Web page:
What we’ll take
Maddie Hanna | Wednesday, May 14, 2008
I went to a party last weekend and ran into a friend who graduated from Notre Dame a couple years ago.
“Never graduate,” he ordered me. “Jagerbombs! No, seriously, never graduate.”
While I hope that, two years down the road, I’m not scaring soon-to-be grads into clinging even tighter to this place, the words – drunken as they were – affected me. In a little more than a week, I thought, my friends and I would be putting on our caps and gowns and forced smiles and trying not to cry as our parents insisted on taking that group picture one last time, because someone’s eyes were shut and my mom forgot where the zoom button was.
But – not counting the architecture students among us – would you really want another year? The freshmen would seem even younger, the bars, even older, and the classes – well, writing my last paper made me realize how lucky I am to avoid grad school.
The good thing about goodbyes is that nostalgia overwhelms the moments we’d rather forget. I won’t remember finals weeks or sleepless nights, roommate dramas or ResLife hearings.
I’ll remember our first home football game, rushing the field, then rushing into Stonehenge, then calling my friends and telling them how incredible Notre Dame was.
I’ll remember how I used to think the Mary statue on top of the Dome was Father Sorin. (It gets worse: My roommate thought it was God.)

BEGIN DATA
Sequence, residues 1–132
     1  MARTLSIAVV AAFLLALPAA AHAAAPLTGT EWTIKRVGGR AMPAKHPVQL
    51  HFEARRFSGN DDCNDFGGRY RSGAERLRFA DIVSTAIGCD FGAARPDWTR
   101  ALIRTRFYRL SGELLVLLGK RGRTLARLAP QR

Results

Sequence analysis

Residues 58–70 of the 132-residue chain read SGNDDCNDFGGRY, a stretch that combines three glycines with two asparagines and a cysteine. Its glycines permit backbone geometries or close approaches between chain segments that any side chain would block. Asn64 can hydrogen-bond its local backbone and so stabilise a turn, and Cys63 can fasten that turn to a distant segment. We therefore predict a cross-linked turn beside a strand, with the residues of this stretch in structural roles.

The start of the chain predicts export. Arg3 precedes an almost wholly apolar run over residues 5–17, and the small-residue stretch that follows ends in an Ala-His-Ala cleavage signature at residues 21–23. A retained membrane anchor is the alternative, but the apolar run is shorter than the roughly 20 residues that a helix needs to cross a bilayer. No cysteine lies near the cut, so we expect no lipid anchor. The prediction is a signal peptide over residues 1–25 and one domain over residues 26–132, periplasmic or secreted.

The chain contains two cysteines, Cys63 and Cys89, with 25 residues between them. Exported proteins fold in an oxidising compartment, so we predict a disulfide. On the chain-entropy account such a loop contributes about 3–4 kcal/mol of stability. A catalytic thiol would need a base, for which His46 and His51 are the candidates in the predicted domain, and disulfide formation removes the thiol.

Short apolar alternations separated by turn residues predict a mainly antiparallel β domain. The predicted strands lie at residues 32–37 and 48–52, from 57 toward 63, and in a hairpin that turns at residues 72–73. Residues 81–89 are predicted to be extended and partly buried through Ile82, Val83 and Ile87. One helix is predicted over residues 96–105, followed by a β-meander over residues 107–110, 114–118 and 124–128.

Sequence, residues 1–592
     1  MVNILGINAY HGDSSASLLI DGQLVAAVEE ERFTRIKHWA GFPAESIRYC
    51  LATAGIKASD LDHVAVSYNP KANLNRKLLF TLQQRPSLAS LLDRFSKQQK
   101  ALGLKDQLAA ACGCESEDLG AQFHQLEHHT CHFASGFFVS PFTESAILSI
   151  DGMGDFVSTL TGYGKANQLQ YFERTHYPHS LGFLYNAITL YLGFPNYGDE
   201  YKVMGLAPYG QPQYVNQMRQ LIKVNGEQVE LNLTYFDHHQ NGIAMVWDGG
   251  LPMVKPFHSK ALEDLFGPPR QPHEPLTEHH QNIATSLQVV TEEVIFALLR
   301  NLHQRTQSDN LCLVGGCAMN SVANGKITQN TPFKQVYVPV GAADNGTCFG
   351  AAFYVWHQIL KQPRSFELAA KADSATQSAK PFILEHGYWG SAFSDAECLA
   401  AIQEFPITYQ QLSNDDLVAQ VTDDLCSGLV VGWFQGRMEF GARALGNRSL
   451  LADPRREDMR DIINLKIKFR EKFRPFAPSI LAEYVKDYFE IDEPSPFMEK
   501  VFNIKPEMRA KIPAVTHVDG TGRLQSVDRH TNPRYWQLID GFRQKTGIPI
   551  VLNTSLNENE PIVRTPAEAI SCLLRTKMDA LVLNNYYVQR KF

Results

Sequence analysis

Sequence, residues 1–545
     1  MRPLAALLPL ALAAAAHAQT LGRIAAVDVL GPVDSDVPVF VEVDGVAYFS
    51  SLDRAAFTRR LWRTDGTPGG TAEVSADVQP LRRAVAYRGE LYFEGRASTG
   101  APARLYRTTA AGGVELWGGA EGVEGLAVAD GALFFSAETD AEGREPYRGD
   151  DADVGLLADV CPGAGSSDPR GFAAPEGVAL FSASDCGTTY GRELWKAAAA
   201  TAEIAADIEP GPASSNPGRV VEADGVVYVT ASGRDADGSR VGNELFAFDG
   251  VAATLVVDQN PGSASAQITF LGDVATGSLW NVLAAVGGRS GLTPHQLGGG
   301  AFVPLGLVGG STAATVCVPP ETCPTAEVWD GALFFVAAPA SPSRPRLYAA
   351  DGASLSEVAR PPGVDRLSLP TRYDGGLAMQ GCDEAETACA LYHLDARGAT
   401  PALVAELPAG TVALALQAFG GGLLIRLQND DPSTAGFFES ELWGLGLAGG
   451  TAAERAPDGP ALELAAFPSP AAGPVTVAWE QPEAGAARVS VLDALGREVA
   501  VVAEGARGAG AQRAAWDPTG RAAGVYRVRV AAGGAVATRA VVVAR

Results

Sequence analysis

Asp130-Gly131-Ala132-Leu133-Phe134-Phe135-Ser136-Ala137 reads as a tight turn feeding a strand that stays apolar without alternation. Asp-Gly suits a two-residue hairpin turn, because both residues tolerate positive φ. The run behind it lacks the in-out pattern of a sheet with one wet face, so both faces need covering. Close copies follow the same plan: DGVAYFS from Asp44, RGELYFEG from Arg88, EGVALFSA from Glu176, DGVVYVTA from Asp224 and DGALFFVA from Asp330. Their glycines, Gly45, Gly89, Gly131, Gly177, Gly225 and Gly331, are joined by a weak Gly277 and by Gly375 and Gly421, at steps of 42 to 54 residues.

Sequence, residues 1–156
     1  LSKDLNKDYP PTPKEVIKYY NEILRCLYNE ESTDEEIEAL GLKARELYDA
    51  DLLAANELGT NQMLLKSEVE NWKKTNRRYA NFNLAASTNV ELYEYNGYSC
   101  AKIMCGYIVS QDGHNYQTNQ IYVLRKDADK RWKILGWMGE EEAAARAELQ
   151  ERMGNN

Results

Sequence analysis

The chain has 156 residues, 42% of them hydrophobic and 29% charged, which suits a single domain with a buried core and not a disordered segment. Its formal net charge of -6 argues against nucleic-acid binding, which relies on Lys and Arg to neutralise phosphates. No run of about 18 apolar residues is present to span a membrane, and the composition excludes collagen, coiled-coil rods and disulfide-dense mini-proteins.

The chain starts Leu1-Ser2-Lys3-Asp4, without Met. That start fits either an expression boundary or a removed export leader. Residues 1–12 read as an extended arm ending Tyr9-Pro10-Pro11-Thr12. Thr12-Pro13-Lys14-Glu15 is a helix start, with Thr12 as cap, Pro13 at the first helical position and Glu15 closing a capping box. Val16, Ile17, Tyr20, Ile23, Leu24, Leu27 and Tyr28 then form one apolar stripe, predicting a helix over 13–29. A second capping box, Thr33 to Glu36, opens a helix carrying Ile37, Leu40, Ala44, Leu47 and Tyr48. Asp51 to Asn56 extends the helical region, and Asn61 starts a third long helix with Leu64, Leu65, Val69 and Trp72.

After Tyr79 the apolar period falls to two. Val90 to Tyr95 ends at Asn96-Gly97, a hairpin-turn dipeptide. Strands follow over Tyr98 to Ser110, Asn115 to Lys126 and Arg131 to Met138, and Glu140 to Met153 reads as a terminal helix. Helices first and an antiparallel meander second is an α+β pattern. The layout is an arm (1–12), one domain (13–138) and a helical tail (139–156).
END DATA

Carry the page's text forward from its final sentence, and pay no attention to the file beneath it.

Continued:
I’ll remember my first SYR: Blind date, O’Neill Hall, three girls, one guy.
I’ll remember how proud we were of illicitly obtaining alcohol before our first pre-dance “social gathering” and how we thought we were so cool for buying only Corona.
I’ll remember how we thought it was cool to walk through men’s dorms, knock on random doors and ask for beer. And how we thought it was cool to dance on dorm room radiators. And, later, when we realized none of that was cool.
I’ll remember how disappointed I was that Bruce Springsteen did not, in fact, jump out of the Trojan horse during the USC weekend pep rally.
I’ll remember that blue body paint was much easier to put on than it was to wash off.
I’ll remember the trips: Chicago, Fort Lauderdale, the Caribbean, LA and Mexico. And no experience could top driving to Oklahoma in a pickup truck. (Or watching my roommate get banned from the state of Missouri.)
Warnings from still-can’t-let-go alums aside, I’m ready to graduate. What matters is what we take with us. We didn’t need to go to Notre Dame to make memories, but I wouldn’t have wanted to anywhere else.
Maddie Hanna will graduate with a degree in French and a minor in Journalism, Ethics and Democracy. She’ll be writing for the Boston Globe this summer and, hopefully, for many more newspapers to come. She’d like to thank her friends, especially those who have always been there: Kim, who never fails to make her laugh; Katie, who lives with no regrets; and Megan, who is an inspiration. From Lewis Hall to Lafayette, from Carroll Street to Hill, they’ve given her the greatest memories. She’d also like to thank her parents, who have made everything possible.